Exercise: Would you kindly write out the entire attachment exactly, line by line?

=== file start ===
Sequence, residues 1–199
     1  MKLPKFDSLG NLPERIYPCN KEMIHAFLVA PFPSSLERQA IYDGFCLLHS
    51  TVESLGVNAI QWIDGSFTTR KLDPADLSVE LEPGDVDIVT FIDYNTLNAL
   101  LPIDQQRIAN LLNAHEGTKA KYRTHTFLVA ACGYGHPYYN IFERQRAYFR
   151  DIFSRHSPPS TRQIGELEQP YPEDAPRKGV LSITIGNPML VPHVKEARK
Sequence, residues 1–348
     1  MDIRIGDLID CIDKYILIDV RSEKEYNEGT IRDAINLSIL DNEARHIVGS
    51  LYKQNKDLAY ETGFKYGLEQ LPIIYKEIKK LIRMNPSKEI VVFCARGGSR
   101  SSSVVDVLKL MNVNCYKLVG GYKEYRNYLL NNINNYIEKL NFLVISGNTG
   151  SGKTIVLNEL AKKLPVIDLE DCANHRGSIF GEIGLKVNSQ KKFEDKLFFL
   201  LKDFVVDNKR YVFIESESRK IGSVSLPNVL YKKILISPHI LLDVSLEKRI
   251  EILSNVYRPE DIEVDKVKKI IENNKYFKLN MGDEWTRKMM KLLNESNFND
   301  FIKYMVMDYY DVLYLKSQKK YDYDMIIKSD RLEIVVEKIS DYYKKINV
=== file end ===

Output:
Sequence, residues 1–199
     1  MKLPKFDSLG NLPERIYPCN KEMIHAFLVA PFPSSLERQA IYDGFCLLHS
    51  TVESLGVNAI QWIDGSFTTR KLDPADLSVE LEPGDVDIVT FIDYNTLNAL
   101  LPIDQQRIAN LLNAHEGTKA KYRTHTFLVA ACGYGHPYYN IFERQRAYFR
   151  DIFSRHSPPS TRQIGELEQP YPEDAPRKGV LSITIGNPML VPHVKEARK
Sequence, residues 1–348
     1  MDIRIGDLID CIDKYILIDV RSEKEYNEGT IRDAINLSIL DNEARHIVGS
    51  LYKQNKDLAY ETGFKYGLEQ LPIIYKEIKK LIRMNPSKEI VVFCARGGSR
   101  SSSVVDVLKL MNVNCYKLVG GYKEYRNYLL NNINNYIEKL NFLVISGNTG
   151  SGKTIVLNEL AKKLPVIDLE DCANHRGSIF GEIGLKVNSQ KKFEDKLFFL
   201  LKDFVVDNKR YVFIESESRK IGSVSLPNVL YKKILISPHI LLDVSLEKRI
   251  EILSNVYRPE DIEVDKVKKI IENNKYFKLN MGDEWTRKMM KLLNESNFND
   301  FIKYMVMDYY DVLYLKSQKK YDYDMIIKSD RLEIVVEKIS DYYKKINV